Infrastructure systems can amplify inequalities when affected by climate hazards. For instance, poorer households may (i) rely on more climate susceptible infrastructure or infrastructure systems with less redundancy [124], (ii) be deprioritized in restoration efforts [122], or (iii) lack the means to cope with infrastructure disruptions [125]. While these equity considerations have been recognised in the literature and supported by (limited) empirical evidence, e.g. [124, 126], they have not found their way into quantified climate risk analysis yet. These equity considerations are particularly acute for water, health, education and electricity infrastructure, which provide basic services for human wellbeing [125].

Quantifying a wider set of impacts metrics

Most quantitative risk assessments still focus solely on quantifying physical asset damages alone (Tier 1). While an increasing number of studies are focused on quantifying higher Tier impacts (two to four), these are still relatively scarce in the literature. In addition, infrastructure disruptions can cause a range of impacts that are often not quantified, such as injury or mortality associated with accidents during hazard impact to infrastructure, increases in travel time (and the economic loss associated with that) [127], environmental impacts (e.g., due to failure of wastewater treatment plant) [128], or social unrest (e.g., during large blackout events) [129]. Hence, quantifying a wider set of impacts helps in assessing the wider tangible and intangible impacts that infrastructure disruptions may cause, which would strengthen the business case for improving the resilience of infrastructure systems. Empirical evidence on these wider tangible and intangible impacts is required to facilitate their incorporation in future quantitative climate risk assessments.


Some of the recent hazard-induced infrastructure disruptions have underlined that current modelling approaches to quantify climate risks to infrastructure systems still struggle to reflect real-world complexities. In this review article, we attempted to present a stocktake of the literature that intends to capture climate risks to infrastructure systems within quantitative modelling approaches.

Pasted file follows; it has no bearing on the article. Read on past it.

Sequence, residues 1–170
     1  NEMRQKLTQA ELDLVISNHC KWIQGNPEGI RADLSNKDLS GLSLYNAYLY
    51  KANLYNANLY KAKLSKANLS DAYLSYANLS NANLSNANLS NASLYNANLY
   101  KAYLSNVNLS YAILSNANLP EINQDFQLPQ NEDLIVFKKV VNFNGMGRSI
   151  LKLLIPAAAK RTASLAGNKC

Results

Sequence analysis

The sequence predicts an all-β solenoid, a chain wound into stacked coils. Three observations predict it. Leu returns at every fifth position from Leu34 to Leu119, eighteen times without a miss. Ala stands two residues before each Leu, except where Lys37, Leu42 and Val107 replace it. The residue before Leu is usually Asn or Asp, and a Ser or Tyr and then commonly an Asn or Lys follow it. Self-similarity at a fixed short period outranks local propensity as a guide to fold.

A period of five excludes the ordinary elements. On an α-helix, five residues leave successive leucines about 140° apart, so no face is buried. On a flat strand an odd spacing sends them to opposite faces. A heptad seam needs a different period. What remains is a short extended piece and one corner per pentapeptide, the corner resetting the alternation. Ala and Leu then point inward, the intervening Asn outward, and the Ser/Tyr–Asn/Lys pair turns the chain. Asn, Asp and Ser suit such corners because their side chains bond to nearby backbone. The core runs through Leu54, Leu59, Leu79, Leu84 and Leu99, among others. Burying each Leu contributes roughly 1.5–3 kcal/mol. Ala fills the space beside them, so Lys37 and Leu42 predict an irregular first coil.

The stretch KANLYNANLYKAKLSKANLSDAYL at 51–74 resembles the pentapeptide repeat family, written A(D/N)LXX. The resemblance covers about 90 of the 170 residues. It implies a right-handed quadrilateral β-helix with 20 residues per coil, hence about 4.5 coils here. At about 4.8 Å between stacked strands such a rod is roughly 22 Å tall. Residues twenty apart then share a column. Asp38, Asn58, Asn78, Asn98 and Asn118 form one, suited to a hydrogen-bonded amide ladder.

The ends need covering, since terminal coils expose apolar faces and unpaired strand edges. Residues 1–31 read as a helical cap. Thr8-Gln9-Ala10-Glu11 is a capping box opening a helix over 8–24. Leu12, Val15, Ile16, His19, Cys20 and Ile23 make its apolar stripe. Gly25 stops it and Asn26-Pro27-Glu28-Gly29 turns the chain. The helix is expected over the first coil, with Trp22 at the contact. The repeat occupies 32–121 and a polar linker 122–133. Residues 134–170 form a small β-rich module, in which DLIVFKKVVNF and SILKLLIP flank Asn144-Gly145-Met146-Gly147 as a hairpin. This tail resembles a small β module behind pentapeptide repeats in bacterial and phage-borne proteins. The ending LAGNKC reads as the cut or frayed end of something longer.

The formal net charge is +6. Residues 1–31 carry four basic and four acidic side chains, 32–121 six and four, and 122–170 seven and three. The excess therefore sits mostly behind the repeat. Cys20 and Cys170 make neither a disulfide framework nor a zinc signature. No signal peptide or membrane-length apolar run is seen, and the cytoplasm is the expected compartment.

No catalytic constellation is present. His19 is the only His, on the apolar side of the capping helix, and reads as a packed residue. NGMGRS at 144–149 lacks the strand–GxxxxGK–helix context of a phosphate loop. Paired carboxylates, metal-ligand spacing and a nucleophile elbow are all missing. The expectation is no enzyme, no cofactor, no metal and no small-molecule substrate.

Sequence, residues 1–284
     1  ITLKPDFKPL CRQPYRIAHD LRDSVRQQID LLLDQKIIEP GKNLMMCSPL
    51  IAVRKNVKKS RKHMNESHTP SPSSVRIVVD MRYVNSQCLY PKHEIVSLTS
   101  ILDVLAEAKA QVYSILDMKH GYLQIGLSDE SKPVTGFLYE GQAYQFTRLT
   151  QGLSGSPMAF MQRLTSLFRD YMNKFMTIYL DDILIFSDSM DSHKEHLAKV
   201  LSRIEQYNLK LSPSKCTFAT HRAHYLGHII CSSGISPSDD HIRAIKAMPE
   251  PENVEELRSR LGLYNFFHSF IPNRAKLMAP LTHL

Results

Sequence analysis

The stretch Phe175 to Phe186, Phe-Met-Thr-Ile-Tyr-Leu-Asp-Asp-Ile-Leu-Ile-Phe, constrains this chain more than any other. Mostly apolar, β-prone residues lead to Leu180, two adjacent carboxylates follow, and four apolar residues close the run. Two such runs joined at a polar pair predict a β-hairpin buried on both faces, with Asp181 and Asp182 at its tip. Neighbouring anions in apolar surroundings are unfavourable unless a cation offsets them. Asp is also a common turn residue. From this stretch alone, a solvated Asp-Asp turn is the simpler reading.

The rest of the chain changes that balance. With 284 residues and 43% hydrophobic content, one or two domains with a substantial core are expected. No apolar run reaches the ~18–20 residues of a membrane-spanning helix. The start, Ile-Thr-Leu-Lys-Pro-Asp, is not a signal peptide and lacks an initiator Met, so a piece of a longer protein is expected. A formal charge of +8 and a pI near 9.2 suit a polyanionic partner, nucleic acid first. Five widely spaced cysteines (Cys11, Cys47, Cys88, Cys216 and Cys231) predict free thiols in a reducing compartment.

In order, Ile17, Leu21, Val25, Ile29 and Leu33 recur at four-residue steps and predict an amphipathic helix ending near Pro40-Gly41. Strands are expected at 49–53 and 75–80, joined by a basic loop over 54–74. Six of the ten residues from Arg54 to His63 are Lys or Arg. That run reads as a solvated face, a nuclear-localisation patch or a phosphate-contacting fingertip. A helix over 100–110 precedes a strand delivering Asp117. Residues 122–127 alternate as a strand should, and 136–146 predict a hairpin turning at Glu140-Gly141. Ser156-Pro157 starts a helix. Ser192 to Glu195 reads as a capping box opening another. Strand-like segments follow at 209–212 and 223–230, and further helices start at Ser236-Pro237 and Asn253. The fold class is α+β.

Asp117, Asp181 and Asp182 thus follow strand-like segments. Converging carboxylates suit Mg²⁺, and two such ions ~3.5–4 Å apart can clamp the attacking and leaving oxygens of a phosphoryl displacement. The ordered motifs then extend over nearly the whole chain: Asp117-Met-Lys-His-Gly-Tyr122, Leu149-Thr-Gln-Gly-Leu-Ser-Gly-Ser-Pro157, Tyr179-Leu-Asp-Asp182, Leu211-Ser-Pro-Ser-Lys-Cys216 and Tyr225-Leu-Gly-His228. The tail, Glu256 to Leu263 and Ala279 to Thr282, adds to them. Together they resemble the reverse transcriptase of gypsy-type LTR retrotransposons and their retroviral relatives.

By bringing together a group of experts from across different infrastructure sectors, this paper intended to capture modelling innovations across infrastructure sectors within a single review paper, thereby providing a more holistic overview of the recent research developments, which can help foster cross-sectoral knowledge spillovers. We identify several overarching research gaps, which include (i) limited considerations of multi-hazard and multi-infrastructure interactions within a single modelling frameworks, (ii) scarcity of studies focusing on certain combinations of climate hazards and infrastructure types, (iii) difficulties in scaling-up climate risk analysis across geographies, (iv) the increasing challenge of validating models, (v) the untapped potential of further knowledge spillovers across sectors, (vi) the need to embed equity considerations into modelling frameworks, and (vii) quantifying a wider set of impact metrics.

We also highlight several opportunities to address the identified research gaps, thereby providing a shared research agenda for the wider research community. Most importantly, we hope that this review paper encourages further dialogue and knowledge sharing between researchers from different communities working on climate risk and infrastructure systems, given the truly interdisciplinary nature of the topic.

Supporting information

S1 Table. Overview of major recent events per infrastructure sector, including the physical damages and service disruption.

The events are shown in Fig 2.


S2 Table. Overview of operational thresholds for different combinations of hazards and infrastructure.

The ranges/mean values are shown in Fig 4.